MEMPHIS, TN (abc24.com) - One of the most controversial politicians in Memphis history said we've hit a new low in politics.
Former Memphis Mayor Willie Herenton admits he lost his temper at times, but said what happened with Shelby County commissioners and the troubles in other Mid-South areas, shakes the faith of the people.
Some may think it's a bit of a stretch to talk with former mayor Willie Herenton about dysfunctional politics. But, he was never censured, he never directly threatened anybody, and he was open to negotiations. Herenton said what he sees now is almost a total breakdown.
Like him or not, former Mayor Willie Herenton knew how to get things done.
"If I believed I was right, I would stand on principals and integrity. You can never compromise on those aspects," he said. "But if I had to give a little and to work with a person, I had to listen to their point of view; I could listen to their point of view without acrimony."
Consider what's happened since Willie Herenton left office just over two years ago. Shelby County commissioners are in an all out war with each other. The Mayor of Southaven, who remains under investigation, is reportedly in rehab. Southaven's Mayor Pro Tem said he doesn't want the job. Millington Mayor Richard Hodges resigned.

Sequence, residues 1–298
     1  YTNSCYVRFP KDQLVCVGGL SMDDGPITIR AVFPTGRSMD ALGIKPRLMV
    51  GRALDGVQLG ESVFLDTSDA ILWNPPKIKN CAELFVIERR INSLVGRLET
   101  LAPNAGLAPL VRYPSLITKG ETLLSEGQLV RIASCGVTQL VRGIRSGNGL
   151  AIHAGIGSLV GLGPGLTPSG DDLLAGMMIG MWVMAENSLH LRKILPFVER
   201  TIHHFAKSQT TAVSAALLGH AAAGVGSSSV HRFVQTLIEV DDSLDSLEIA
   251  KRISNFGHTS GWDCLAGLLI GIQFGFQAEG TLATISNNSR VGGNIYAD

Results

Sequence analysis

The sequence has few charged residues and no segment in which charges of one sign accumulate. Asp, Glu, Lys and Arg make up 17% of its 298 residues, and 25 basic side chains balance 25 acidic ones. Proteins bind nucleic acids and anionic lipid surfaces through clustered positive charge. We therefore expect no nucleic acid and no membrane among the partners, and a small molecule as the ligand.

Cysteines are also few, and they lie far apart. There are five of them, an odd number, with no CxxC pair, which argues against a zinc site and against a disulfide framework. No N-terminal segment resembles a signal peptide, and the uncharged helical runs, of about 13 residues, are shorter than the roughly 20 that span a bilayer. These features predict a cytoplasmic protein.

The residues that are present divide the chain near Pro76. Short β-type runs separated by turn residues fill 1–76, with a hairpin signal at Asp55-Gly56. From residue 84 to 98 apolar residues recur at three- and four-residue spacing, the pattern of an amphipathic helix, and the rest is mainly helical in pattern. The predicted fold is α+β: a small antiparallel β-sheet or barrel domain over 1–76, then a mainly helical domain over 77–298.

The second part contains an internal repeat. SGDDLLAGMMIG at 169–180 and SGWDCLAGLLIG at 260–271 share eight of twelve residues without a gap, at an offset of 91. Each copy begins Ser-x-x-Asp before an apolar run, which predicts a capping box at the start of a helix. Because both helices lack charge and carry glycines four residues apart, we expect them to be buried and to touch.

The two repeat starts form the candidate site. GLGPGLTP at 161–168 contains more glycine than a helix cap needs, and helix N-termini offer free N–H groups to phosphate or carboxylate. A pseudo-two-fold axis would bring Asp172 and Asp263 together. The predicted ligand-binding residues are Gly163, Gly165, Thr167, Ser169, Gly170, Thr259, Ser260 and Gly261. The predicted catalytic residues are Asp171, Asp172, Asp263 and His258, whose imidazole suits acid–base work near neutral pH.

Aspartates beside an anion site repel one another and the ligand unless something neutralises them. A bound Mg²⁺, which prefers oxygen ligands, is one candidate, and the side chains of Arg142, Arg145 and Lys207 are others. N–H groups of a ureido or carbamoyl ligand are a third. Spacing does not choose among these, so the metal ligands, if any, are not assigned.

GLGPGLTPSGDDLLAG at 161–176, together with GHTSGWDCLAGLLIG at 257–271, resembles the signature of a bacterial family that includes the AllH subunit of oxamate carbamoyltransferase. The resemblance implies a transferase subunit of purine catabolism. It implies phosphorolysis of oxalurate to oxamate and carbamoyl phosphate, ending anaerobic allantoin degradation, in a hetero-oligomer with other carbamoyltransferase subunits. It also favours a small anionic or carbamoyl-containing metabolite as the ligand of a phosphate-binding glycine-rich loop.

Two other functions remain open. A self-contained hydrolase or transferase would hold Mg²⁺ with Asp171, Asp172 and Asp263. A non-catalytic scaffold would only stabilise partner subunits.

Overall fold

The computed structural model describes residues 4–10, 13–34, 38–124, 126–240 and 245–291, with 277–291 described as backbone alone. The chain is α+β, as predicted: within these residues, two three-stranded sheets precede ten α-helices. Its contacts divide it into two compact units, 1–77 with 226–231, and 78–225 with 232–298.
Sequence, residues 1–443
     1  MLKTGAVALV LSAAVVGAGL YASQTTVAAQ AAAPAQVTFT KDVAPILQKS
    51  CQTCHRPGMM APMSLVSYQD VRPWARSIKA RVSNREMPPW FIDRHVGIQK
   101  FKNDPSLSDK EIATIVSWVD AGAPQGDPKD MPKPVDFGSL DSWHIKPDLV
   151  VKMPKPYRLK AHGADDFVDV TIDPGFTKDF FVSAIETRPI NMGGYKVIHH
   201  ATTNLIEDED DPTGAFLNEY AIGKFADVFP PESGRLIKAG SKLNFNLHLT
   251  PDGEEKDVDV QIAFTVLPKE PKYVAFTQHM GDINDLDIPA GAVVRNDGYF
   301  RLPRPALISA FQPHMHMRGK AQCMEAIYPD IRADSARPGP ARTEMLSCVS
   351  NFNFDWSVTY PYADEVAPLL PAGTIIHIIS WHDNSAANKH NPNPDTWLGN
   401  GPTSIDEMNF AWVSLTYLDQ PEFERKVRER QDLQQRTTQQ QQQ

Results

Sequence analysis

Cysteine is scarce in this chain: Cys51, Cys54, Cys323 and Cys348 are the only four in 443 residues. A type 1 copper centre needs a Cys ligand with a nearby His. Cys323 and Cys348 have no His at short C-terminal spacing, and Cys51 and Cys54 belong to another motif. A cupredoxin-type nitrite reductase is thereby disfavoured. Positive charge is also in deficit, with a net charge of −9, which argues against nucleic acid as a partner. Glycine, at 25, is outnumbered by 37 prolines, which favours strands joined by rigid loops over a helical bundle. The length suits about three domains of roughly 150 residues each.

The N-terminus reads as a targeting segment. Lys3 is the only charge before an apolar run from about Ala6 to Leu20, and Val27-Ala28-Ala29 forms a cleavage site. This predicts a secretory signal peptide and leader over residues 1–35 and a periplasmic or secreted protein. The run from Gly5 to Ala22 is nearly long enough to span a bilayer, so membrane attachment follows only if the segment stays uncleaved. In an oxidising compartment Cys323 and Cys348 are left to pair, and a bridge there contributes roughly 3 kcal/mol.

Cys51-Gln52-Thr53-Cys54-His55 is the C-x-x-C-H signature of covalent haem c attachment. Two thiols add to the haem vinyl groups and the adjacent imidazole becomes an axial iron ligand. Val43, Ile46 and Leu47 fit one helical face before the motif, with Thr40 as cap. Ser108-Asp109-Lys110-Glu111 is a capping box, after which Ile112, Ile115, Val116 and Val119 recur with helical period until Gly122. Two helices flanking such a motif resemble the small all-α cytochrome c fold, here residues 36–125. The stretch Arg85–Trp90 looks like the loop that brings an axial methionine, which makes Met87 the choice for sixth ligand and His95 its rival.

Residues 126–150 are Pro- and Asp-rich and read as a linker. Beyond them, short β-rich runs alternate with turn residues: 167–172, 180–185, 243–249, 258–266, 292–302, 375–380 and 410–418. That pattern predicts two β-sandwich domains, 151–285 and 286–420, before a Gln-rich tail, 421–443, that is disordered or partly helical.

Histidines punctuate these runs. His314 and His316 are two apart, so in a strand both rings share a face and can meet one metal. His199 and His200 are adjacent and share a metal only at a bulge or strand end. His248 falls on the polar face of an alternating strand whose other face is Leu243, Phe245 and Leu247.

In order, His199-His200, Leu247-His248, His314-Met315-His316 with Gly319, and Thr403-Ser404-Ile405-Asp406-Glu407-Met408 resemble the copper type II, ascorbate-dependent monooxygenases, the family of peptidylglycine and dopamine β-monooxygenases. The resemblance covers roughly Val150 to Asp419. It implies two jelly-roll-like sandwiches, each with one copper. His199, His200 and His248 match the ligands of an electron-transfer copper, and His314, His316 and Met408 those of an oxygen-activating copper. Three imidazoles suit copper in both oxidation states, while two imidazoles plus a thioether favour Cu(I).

Then there's the Shelby County Commission again, acting with the style and dignity one could only expect to find in a skid row bar.
Willie Herenton has been watching it all. He said he has no interest in getting back into politics again, and this is one reason why.
"Everybody's taking themselves too seriously by getting personal and then the public loses faith in public discourse, and in the people they've elected. I see it as an all time low, not just here," Herenton said.
He argued long and loud with city council members on some issues, but said "It never got down to the point that, you know, what I've seen recently in terms of the behavior of the elected officials.
Herenton is continuing to work on starting charter schools in Memphis. He is waiting for the Tennessee State Treasurer to take action. He said education is what he cares about now, not politics.